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Water Supply

Part of the debate – in the House of Commons on 3rd May 1944.

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Photo of Mr Henry Willink Mr Henry Willink , Croydon North

It will, obviously, differ from place to place. Some schemes are very costly, some fairly inexpensive. This is not a programme which can be brought into operation this year: it cannot affect our situation this year; but we regard it as an essential part of the general reconstruction programme. We want plans to be made, so far as they can be made, before the end of the war although I know that local authorities' staffs and consulting engineers are not at present available in such numbers as they normally are.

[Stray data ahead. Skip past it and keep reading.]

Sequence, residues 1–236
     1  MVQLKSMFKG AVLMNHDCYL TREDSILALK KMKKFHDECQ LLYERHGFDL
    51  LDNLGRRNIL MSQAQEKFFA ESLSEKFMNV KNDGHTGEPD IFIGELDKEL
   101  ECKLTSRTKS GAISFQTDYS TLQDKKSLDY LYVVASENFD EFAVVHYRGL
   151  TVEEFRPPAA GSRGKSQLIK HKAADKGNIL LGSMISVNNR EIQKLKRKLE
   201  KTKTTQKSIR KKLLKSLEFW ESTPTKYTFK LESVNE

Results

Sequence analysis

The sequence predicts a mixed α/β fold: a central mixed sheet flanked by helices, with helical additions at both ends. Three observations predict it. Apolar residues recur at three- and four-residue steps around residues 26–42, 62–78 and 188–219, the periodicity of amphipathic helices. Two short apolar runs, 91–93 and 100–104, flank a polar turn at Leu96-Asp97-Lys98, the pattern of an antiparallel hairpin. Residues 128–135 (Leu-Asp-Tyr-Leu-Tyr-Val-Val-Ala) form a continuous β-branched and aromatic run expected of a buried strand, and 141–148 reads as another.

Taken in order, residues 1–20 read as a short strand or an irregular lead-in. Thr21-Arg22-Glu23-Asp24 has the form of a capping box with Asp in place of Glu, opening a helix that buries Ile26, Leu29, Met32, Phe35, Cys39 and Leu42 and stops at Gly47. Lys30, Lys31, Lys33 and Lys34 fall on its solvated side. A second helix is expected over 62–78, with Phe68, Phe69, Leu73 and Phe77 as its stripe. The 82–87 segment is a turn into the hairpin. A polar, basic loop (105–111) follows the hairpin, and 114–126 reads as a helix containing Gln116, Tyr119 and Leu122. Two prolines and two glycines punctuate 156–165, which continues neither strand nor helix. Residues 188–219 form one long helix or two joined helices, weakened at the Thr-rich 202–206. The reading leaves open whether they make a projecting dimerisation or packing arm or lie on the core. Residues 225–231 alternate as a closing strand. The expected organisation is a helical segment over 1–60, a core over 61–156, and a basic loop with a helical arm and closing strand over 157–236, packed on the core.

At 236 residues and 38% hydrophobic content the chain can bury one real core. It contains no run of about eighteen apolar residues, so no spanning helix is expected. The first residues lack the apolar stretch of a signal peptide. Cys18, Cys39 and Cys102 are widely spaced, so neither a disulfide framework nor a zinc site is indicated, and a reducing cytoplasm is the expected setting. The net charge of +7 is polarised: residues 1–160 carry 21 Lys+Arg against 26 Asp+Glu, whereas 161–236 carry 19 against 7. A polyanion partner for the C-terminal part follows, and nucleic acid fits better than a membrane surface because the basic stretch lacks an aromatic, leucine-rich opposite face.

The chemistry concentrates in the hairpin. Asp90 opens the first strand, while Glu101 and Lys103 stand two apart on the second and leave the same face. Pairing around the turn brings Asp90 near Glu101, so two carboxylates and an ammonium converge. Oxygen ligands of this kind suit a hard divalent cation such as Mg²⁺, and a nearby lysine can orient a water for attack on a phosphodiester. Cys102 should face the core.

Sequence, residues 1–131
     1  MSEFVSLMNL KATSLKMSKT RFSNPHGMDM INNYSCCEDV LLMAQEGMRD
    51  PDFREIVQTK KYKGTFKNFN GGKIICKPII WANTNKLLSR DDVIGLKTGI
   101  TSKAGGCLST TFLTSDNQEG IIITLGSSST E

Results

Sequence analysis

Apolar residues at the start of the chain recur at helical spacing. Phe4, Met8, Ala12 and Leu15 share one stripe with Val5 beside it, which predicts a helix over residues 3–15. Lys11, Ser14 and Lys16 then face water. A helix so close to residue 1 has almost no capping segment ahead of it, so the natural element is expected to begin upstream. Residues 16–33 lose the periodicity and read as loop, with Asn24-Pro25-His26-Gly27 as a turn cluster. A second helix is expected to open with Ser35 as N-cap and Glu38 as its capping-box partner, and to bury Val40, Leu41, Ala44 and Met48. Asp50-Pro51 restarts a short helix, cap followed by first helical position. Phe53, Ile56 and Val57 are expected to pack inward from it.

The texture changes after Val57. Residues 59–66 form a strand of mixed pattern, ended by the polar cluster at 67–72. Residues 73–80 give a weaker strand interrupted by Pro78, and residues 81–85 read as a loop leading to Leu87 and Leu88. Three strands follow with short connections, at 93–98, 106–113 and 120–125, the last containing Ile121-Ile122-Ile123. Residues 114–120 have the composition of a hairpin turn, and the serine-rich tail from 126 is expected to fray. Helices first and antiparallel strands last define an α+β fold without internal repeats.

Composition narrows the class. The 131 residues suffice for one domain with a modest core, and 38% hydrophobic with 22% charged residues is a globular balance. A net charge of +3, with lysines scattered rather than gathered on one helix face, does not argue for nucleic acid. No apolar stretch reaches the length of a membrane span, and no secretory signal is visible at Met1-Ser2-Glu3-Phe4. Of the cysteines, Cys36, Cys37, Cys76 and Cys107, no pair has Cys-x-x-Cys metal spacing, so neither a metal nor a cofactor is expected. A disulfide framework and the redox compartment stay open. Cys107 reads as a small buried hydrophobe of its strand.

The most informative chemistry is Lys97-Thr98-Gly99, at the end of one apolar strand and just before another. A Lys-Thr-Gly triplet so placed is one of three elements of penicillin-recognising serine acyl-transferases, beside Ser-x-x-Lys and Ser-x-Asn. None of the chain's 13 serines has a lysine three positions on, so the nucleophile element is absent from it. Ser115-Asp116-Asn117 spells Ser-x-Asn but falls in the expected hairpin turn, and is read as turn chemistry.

I hope that I shall not be out of Order if I say one or two words about the present situation. There is no water supply crisis at the moment, but we are suffering from the effects of three consecutive dry winters. The last winter, and particularly last March, was quite embarrassingly dry. We have adequate powers, and I shall not hesitate to use them, if necessary, for this very important purpose. We are in very close touch with the Service Departments, which have contributed their help, but, on the other hand, have embarrassed the water situation in some districts. The main town supplies are not in difficulty at present. The Metropolitan Water Board have not asked for any special steps to be taken. The real point is that we must all play our part.